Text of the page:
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Down Among the Z Men

In October 1952 the Goons made the second of their many attempts to bring their unique humour to the fledgling broadcast medium of television.


Down Among the Z Men was written by Jimmy Grafton and Francis Charles, and followed 1951’s Penny Points to Paradise.

Secombe as Harry Jones and Bentine as Professor Pureheart

I’m not being too controversial here by saying it’s more of a historical curio than a comedy classic. A lot of reviews I’ve read are quite harsh and compare it to the heyday of the Goons, failing to realise that this was still the very early days of the group and they were still exploring the format that suited their humour best.


Others have lamented that Harry Secombe doesn’t play Neddie Seagoon, but this film was released some time before Neddie emerged as a regular character in the radio series. I’d also argue that the character he does play – Harry Jones – is a bumbling, well-meaning idiot who gets into the same kind of scrapes as Neddie does later in the Goon Show’s oeuvre.


A weakness in hindsight is the script. Grafton and Charles obviously know what Goon humour is, but the dialogue lacks the spark of the radio scripts. Larry Stephens is curiously absent altogether from the production, and Milligan is a performer only. Secombe and Bentine in particular seem to be working particularly hard to get the best out of their lines.


There is much to enjoy from a Goon Show completist’s point of view, however. For starters, it’s got a lot of Michael Bentine in it, playing Professor Osric Pureheart. Precious little of Bentine's career from this period survives, so it's good to see him in full flow.


Eccles attempts to cure himself of legs

Spike is evidently enjoying larking about as Eccles – his jazz-infused ‘Reveille’ to wake the soldiers is amusing and I wouldn’t put it past him to have done this more than once when he was serving in the army. He seems to be having a lot of fun in the scene in which he takes charge of a training class with a room full of female reservists.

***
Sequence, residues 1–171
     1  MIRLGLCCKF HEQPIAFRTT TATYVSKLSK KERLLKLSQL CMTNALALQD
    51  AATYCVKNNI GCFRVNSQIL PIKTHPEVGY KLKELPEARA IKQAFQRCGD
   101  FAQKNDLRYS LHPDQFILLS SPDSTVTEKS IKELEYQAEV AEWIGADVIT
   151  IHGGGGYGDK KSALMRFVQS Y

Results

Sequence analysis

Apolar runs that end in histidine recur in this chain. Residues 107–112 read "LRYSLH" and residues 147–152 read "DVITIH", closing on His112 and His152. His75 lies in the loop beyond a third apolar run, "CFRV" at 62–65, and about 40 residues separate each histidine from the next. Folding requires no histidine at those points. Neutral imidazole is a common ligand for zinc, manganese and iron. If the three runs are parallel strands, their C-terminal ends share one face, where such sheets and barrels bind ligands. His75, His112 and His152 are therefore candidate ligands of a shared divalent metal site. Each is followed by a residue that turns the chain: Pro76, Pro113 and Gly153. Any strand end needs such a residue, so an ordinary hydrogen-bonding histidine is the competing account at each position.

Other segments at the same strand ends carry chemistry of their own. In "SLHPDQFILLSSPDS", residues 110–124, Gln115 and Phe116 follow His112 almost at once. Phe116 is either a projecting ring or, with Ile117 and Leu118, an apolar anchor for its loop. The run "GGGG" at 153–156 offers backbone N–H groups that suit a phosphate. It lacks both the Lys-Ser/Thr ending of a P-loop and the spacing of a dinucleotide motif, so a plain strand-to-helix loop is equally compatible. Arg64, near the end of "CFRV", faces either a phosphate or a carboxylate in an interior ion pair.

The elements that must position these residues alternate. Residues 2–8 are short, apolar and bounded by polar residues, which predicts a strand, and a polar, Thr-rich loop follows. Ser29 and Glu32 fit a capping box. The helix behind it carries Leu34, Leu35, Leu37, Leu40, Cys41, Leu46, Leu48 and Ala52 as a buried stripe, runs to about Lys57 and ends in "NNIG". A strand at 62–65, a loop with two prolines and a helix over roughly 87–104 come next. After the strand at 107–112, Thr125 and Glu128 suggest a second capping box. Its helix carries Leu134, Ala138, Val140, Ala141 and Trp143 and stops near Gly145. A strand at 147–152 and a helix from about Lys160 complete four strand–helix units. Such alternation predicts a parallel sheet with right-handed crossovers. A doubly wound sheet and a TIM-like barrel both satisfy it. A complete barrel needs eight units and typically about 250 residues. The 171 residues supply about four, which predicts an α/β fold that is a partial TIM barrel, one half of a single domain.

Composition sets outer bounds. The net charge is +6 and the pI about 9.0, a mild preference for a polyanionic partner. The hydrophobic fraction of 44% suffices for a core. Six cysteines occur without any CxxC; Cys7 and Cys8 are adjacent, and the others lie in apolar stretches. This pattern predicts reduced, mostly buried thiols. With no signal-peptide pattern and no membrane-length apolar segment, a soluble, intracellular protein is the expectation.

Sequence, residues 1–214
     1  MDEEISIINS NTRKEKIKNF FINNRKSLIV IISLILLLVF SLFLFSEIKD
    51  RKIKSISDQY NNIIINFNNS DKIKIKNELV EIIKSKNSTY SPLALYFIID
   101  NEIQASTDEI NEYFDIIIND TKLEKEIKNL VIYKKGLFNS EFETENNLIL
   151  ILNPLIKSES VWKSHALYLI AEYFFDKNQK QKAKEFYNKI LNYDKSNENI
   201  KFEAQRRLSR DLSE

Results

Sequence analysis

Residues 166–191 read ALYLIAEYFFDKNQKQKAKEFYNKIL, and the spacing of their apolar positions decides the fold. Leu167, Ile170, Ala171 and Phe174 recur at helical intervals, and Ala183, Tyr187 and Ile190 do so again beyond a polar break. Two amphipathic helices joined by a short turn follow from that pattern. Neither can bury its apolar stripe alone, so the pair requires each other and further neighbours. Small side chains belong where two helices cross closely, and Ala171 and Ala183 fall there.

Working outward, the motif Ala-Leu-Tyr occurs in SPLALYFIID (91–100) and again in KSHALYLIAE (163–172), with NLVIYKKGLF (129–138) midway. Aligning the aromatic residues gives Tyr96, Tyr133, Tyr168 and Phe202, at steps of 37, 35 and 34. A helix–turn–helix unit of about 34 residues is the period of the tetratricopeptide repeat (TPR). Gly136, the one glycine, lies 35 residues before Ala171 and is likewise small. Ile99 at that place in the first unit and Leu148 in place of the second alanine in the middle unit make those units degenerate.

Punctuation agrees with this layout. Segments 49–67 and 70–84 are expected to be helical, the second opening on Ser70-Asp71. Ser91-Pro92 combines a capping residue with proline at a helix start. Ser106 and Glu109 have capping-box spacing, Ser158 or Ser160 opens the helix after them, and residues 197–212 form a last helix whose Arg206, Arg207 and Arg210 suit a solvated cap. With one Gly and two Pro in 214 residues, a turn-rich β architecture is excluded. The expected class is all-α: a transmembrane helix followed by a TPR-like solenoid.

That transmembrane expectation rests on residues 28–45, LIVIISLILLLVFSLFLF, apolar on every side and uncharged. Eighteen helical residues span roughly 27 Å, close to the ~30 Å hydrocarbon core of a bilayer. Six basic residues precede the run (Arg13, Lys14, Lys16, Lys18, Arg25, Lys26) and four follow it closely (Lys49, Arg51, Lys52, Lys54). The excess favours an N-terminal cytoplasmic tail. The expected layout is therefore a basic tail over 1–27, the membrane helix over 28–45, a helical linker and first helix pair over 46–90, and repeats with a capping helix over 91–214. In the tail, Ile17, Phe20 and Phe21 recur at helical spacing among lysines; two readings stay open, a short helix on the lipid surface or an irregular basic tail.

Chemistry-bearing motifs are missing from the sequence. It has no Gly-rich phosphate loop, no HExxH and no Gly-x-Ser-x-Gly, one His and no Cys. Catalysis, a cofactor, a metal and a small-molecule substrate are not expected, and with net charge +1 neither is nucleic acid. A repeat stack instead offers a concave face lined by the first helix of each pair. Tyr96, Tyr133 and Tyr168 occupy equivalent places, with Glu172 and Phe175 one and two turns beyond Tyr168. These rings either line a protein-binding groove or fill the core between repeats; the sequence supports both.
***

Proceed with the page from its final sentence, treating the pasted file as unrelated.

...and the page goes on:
The film is one of Peter Sellers’ first big-screen appearances, after 1951’s Let’s Go Crazy. He plays a far more strait-laced, confident, and competent version of Bloodnok, who has been promoted to Colonel for this film.


Appearing in the adversary roles Goon Show fans would associate with Grytpype-Thynne and Moriarty are Graham Stark and Andrew Timothy. Timothy’s appearance was a surprise to me as he was a BBC announcer rather than an actor per se. That said, he fits in perfectly well here as a suave spy-type character. It’s interesting to note that later in the 1950s the Goons drew the wrath of Equity, the actors’ union, for listing announcer Wallace Greenslade as a performer.

Andrew Timothy and Graham Stark

The film is described by IMDB as the Goon Show cast performing “some of their favourite routines”. This might be true to some extent – it’s difficult to tell as so few recordings and scripts from the first two series survive. There are some favourite Goon Show gags evident, however…

Sergeant: [Eyes up medals on Milligan’s chest] You’ve got a lot of decorations up this morning, Eccles. Private Eccles: Oh, you mean these medals? Sergeant: What did you get these for? Eccles: You really want to know what I got them for? Sergeant: Yes! Eccles: Ten bob the lot! Hahaha!

This joke was first used in episode three of the second series, and again in ‘The History of Communications’ (Series 4 Episode 18). Now you know.


The film is available in its entirety on YouTube. Et voila: “EJ Fancey Productions have the misfortune to inflict: The Goons”


 

Now, ladles and jellyspoons, The Seagoon Memoirs presents: Facts!


The song the cast sings at the start and end of the film is a take on a very old British drinking song called ‘Down Among the Dead Men’. The exact source of the tune and lyrics is uncertain, but Wikipedia has a recording of both.



The Z Men is a reference to a class of army reserves that was first created in 1918 in case Germany violated the armistice agreement struck at the end of the First World War. It was abolished in 1920, but re-established after the Second World War as a group of soldiers and officers that had served during the war and were available for recall if needed.


Graham Stark and Andrew Timothy also appeared in another EJ Fancey Productions film, titled Song of Norway, in 1955. There’s not very much about the film online apart from the cast and crew, but it caught my eye as Harry Secombe appeared in a feature-length film of the same name in 1970.

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